Against Capital Punishment

Henry Karlson

When Paul wrote to the Ephesians, he told them that by becoming Christian, they were now to set themselves apart from the customs which they once followed that ran contrary to the Christian faith. They were not to live like the Gentiles they had been:

Now this I affirm and testify in the Lord, that you must no longer live as the Gentiles do, in the futility of their minds; they are darkened in their understanding, alienated from the life of God because of the ignorance that is in them, due to their hardness of heart; they have become callous and have given themselves up to licentiousness, greedy to practice every kind of uncleanness (Eph. 4:17-19 RSV).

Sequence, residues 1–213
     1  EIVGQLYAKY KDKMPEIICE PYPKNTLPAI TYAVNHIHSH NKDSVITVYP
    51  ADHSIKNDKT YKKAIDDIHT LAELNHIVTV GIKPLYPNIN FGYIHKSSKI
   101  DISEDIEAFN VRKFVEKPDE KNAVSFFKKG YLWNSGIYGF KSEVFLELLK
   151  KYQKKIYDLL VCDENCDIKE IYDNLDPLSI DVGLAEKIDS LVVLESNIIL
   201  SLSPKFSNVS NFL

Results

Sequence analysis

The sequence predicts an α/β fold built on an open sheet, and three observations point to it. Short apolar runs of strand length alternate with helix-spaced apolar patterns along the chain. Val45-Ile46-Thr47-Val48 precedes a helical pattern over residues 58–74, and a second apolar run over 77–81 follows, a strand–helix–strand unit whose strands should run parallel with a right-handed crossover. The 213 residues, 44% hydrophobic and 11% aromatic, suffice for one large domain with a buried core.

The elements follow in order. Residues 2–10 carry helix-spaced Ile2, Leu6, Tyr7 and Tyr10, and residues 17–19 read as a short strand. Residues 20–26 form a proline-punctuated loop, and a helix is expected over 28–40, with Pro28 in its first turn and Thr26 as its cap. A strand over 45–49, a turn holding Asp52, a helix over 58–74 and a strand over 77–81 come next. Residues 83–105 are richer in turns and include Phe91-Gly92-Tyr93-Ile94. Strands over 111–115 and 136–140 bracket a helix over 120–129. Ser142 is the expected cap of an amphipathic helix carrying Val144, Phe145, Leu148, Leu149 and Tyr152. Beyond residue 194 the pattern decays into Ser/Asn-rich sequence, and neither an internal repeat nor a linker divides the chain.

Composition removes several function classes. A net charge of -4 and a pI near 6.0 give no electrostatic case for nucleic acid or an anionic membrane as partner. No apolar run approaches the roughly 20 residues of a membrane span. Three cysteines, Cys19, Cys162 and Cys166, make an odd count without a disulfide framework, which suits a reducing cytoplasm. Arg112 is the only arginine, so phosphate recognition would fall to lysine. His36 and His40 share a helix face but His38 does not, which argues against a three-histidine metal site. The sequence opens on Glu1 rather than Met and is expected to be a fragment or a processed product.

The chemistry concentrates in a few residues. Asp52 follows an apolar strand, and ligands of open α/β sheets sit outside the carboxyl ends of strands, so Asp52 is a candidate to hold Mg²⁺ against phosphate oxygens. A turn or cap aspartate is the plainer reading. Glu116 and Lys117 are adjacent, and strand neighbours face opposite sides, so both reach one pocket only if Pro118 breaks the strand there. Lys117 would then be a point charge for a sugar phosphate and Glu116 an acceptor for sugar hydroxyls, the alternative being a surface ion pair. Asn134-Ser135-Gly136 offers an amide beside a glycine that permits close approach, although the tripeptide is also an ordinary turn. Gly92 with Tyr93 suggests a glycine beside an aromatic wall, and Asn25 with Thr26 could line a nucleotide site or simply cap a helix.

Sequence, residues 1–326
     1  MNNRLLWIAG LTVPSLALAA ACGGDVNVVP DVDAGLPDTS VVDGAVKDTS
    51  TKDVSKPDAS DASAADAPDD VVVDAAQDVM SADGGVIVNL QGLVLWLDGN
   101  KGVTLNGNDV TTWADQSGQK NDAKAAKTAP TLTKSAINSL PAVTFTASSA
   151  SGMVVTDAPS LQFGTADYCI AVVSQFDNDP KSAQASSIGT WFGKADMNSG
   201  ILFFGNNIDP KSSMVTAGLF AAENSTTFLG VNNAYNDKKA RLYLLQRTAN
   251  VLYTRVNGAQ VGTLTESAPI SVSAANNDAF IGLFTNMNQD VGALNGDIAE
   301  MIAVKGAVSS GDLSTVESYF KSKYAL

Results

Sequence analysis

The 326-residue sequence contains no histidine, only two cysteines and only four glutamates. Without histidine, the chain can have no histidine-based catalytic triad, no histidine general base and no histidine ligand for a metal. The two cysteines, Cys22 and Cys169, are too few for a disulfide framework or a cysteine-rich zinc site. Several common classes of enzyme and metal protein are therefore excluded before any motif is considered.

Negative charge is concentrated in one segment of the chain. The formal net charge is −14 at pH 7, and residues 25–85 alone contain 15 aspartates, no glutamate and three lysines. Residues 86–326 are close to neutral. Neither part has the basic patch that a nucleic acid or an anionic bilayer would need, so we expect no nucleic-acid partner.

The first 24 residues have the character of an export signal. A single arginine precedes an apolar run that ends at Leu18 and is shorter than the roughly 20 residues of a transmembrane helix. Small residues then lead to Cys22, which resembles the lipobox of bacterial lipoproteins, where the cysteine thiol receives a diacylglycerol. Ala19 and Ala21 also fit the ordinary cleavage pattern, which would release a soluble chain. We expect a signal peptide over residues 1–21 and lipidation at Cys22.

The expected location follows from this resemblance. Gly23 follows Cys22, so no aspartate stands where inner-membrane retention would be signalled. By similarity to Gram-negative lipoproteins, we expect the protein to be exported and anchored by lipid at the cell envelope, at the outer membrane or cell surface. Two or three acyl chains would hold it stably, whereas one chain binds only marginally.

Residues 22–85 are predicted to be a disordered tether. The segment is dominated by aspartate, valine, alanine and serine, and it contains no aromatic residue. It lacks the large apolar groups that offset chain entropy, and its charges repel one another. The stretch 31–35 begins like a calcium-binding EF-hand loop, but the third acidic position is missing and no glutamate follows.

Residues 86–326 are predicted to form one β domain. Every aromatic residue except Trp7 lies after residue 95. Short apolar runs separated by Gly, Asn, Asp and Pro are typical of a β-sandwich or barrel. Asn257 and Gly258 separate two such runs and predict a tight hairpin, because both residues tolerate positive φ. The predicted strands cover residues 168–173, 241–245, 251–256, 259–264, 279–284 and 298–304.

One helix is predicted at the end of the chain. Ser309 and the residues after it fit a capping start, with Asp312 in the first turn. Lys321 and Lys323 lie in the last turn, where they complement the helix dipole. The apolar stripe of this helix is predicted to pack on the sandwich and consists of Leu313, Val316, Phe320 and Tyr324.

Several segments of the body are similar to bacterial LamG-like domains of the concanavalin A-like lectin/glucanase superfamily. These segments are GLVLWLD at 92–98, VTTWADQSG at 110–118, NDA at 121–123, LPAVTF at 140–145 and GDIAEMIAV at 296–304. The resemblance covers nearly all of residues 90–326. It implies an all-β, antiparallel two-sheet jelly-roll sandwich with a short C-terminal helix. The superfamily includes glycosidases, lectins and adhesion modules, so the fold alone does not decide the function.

Paul, known as the teacher of the Gentiles who welcomed them to the Christian in part by enculturating himself with them so that they did not have to mirror Judaic customs and practices in order to be Christian, knew that they could not remain as they once were. They would have to purify themselves of their base prejudices and practices which came out of their unrefined way of life. To seek the life of God they had to open their hearts and overcome all callousness which allowed them to ignore the plight of their neighbor.

This callousness was not something which only Paul had to face. It is a problem which has been with Christians throughout the centuries. They rightfully look to the good in their own society and embrace it, but in doing so, they often take in biases and prejudices which run counter to the Gospel of Christ.

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